As Tuesday approaches, many tobacco users are gearing up to stop using tobacco for World No Tobacco Day and some are planning this as the first day of their tobacco-free life. Quitting “cold turkey” works for some, but more often than not, nicotine replacement therapies help make quitting more tolerable. The Colorado Quitline (1-800-Quit Now) can provide free nicotine patches or gum. Those who want to quit also can buy nicotine patches, lozenges or gum over the counter without a prescription.
2011 tee ball, coach pitch registration is under way
Registration for the 2011 tee ball and coach pitch program is under way. Registrations are accepted on a first-come, first-served basis until 5:30 p.m. Thursday. For more information or to register, visit www.steamboatsprings.net/recreation and click on youth sports, or stop by the Parks, Open Space and Recreational Services Department, 245 Howelsen Parkway. If you are interested in coaching, contact Kate Warnke at email@example.com or 970-879-4300, ext. 354.
YES Golf Tournament is on June 1 at Rollingstone
The 23rd annual Youth Educational Scholarship Fund Golf Tournament is June 1 at the Rollingstone Ranch Golf Club in Steamboat Springs. The tournament is organized by the Steamboat Springs Chamber Resort Association ambassadors, and proceeds go to scholarships for Routt County youths pursuing a business-related course of study.
The entry fee is $135. The tournament format is a mixed scramble with four-player teams; teams that include a woman may have five players. There is no handicap required; however, no team may have more than two players with handicaps of 12 or lower. Prizes will be awarded to the top three teams, with additional prizes for the longest drives, longest putt and drives closest to the center line. There will be two hole-in-one prizes, slated to be a car donated by Steamboat Motors and a $25,000 cash prize donated by Yampa Valley Bank.
Forms can be downloaded from www.steamboatchamber.com/yes, including scholarship information and application forms, tournament player forms and tournament sponsor forms. Email firstname.lastname@example.org.
Colorado health officials warning about hantavirus
State health officials are warning Coloradans to avoid exposure to hantavirus when opening up cabins, buildings, sheds and barns, according to a news release. Hantavirus is a respiratory disease carried by deer mice. Deer mice are brown on top and white underneath. They have large ears relative to their head size. House mice are all gray and have small ears and don’t carry the disease.
Hantavirus is transmitted by inhaling dust contaminated with the virus in a mouse-infested area.
Rodent proofing and control should be done before extensive cleaning efforts, said Elisabeth Lawaczeck, state health veterinarian with the Colorado Department of Public Health and Environment. She also urged people to be wary of areas with mouse droppings. Structures should be ventilated thoroughly and any accumulation of dust, dirt and mouse droppings should be wetted down with a mixture of bleach and water before cleaning.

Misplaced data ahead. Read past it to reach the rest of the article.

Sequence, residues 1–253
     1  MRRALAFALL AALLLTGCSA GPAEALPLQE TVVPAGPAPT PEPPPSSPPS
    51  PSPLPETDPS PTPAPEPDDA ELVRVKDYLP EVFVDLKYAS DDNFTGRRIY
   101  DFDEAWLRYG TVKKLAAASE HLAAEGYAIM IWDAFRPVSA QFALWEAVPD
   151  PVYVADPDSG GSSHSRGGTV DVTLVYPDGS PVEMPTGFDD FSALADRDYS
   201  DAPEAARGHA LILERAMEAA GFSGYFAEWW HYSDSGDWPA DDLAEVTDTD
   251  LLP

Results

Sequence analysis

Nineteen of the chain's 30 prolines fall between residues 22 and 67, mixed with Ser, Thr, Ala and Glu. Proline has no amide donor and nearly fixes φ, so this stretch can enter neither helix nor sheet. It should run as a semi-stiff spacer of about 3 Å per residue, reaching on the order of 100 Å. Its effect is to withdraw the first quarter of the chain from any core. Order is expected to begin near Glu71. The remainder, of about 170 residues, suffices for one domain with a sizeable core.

She advised rodent-proofing the home by plugging holes and entry points where mice can get inside; eliminating food sources for rodents; and removing abandoned vehicles and wood, brush and junk piles where rodents hide.
Hantavirus, which causes death in nearly half of all cases, begins with a high fever, severe body aches, a headache and vomiting. The onset of these symptoms begins from one to six weeks after exposure. Initially, there are no respiratory symptoms present.
“If, however, you develop a fever, headache and muscle pain within six weeks of exposure to deer mice, seek medical care immediately,” advised Lawaczeck.
Hantavirus prevention tips:
■ Rodent-proof buildings by plugging holes or other mouse entryways.
■ Make home or work areas unattractive to rodents. Keep indoor areas clean, especially kitchens. Store food in rodent-proof containers and properly dispose of garbage in sealed containers.
■ Remove rodent hiding places such as wood, junk and brush piles. Store firewood at least 100 feet from the house. Keep vegetation near house well-trimmed.
■ Use caution when cleaning out enclosed areas such as trailers, cabins, barns or sheds. Open doors or windows to provide good ventilation for 30 to 60 minutes before cleaning out structures. Avoid stirring up dust by watering down areas of mouse infestation with a mixture of bleach and water. A bleach mixture of one cup of bleach per gallon of water is recommended.
■ Thoroughly soak potentially contaminated areas with the bleach mixture.
■ Use rubber gloves to pick up saturated waste, including nesting materials or dead mice. Double-bag the waste using plastic bags, and bury or dispose of in an outdoor garbage can or landfill.
■ Disinfect gloves with bleach and water before removing.
■ In cases of severe infestation, or when ventilation and dust suppression are not possible, use a rubber face mask with a high efficiency particulate air filter.